Tuesday, December 7, 2010 - 3:22am
With smaller bodies of water beginning to ice over, the City of Madison Fire Department reminds residents that ice should be at least 4 to 6 inches thick before someone can walk on it. Even if the weather has been below freezing for several days, don't guess about ice thickness.
In preparation for winter weather, the Department's Lake Rescue team will soon transition to its cold-weather equipment, including insulated wetsuits and an ARGO amphibious all-terrain vehicle.
Parents in particular should warn children to stay off of the ice, but the following safety tips apply to all ages:
• Check the ice in several places, beginning at shore and continuing as you go out.
• If ice at the shoreline is cracked or squishy, stay off. Don't go on the ice during thaws.
• Watch out for thin, clear, or honeycomb shaped ice.
• Dark snow and dark ice are other signs of weak spots.
• Choose small bodies of water. Rivers and lakes are prone to wind and wave action, which can break ice up quickly.
• Avoid areas with currents and around bridges and pressure ridges.
• Use the buddy system - don't go out on the ice alone.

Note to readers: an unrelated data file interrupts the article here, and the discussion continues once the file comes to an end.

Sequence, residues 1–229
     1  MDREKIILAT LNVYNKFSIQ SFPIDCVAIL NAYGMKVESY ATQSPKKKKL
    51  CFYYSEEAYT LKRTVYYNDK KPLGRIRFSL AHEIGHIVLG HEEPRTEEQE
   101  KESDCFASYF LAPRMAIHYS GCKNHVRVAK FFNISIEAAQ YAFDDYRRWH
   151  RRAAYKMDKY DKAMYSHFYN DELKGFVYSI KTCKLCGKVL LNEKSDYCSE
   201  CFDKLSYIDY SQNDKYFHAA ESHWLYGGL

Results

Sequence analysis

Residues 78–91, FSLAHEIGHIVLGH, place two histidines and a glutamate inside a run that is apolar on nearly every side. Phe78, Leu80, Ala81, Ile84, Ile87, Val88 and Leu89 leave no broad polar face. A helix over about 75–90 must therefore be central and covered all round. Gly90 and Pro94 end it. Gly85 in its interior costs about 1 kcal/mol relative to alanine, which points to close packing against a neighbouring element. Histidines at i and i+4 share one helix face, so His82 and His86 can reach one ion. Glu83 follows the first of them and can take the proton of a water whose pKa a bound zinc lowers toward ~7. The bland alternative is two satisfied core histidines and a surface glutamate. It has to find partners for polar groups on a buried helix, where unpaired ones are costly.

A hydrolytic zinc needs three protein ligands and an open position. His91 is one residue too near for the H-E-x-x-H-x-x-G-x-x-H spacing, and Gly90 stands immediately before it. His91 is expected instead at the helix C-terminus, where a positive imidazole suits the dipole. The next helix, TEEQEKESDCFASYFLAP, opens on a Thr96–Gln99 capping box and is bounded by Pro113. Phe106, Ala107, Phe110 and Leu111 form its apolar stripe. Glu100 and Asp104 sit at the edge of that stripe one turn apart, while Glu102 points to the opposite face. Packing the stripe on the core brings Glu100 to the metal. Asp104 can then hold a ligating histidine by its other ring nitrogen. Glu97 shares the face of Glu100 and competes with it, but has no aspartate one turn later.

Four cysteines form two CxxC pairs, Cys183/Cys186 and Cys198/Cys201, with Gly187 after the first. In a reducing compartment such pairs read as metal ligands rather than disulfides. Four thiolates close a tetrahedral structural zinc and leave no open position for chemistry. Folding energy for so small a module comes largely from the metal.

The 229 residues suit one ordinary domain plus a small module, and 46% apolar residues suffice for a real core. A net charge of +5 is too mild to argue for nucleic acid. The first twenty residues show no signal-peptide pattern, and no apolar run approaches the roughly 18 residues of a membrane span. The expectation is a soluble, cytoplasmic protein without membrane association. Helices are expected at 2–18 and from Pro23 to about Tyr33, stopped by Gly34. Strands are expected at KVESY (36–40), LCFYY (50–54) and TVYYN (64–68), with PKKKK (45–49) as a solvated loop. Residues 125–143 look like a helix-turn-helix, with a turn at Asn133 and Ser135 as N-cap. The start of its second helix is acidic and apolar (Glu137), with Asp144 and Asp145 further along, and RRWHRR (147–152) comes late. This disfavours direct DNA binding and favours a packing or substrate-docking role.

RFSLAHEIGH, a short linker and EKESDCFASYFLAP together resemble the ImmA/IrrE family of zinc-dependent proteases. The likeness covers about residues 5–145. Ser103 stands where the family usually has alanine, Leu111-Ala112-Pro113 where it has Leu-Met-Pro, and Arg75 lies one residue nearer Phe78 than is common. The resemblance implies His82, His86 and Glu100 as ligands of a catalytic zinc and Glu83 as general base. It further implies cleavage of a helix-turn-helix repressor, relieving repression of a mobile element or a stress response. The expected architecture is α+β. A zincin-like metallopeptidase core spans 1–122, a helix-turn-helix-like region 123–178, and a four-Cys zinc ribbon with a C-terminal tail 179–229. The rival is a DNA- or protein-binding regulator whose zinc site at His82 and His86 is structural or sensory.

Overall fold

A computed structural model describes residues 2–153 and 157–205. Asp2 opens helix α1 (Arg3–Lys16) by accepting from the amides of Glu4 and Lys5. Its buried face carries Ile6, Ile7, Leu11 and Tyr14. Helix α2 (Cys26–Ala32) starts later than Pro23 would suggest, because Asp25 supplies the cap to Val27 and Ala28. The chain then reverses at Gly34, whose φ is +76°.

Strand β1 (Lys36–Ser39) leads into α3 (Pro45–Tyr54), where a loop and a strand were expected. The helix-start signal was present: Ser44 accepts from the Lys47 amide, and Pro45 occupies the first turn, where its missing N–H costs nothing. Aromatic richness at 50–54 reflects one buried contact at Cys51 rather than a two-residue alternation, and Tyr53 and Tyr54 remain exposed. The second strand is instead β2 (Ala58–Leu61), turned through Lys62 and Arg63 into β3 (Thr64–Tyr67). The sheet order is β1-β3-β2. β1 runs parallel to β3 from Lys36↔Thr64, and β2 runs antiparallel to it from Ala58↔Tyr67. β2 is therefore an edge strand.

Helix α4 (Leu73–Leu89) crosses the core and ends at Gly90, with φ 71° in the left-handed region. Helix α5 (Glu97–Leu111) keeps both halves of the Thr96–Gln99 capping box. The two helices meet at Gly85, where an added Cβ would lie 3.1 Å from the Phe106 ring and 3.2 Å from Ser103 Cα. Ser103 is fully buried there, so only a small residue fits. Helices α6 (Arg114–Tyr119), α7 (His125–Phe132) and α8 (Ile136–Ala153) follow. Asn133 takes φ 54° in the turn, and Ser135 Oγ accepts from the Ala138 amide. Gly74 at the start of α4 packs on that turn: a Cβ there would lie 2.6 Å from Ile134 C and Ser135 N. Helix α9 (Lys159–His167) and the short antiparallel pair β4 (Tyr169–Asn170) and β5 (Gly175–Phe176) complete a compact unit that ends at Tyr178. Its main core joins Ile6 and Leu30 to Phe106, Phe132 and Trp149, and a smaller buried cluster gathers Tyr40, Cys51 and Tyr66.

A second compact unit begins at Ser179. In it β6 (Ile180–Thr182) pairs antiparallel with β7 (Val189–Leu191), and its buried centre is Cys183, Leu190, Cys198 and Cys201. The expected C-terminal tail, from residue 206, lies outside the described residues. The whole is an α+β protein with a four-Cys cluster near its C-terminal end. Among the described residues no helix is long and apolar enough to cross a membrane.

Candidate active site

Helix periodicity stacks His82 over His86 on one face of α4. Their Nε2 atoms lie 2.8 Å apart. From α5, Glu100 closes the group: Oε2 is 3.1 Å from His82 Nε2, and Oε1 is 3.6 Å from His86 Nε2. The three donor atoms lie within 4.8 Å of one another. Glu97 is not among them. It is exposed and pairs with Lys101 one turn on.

More information comes from the Wisconsin Department of Natural Resources:
• Contact local sport shops to ask about ice conditions on the lake or river you want to fish.
• Do not go out alone, carry a cell phone, and let people know where you are going and when you'll return home.
• Wear proper clothing and equipment, including a float coat to help you stay afloat and to help slow body heat loss; take extra mittens or gloves so you always have a dry pair.
• Wear creepers attached to boots to prevent slipping on clear ice.
• Carry a spud bar to check the ice while walking to new areas.
• Carry a couple of spikes and a length of light rope in an easily accessible pocket to help pull yourself - or others - out of the ice.
• Do not travel in unfamiliar areas or at night.
• Know if the lake has inlets, outlets or narrows that have current that can thin the ice.
• Look for solid ice that is clear of air bubble in it or snow on it.
• Watch out for pressure ridges or ice heaves. These can be dangerous due to thin ice and open water and may be an obstruction you may hit with a car, truck or snowmobile.
- Lori Wirth, (608) 266-5947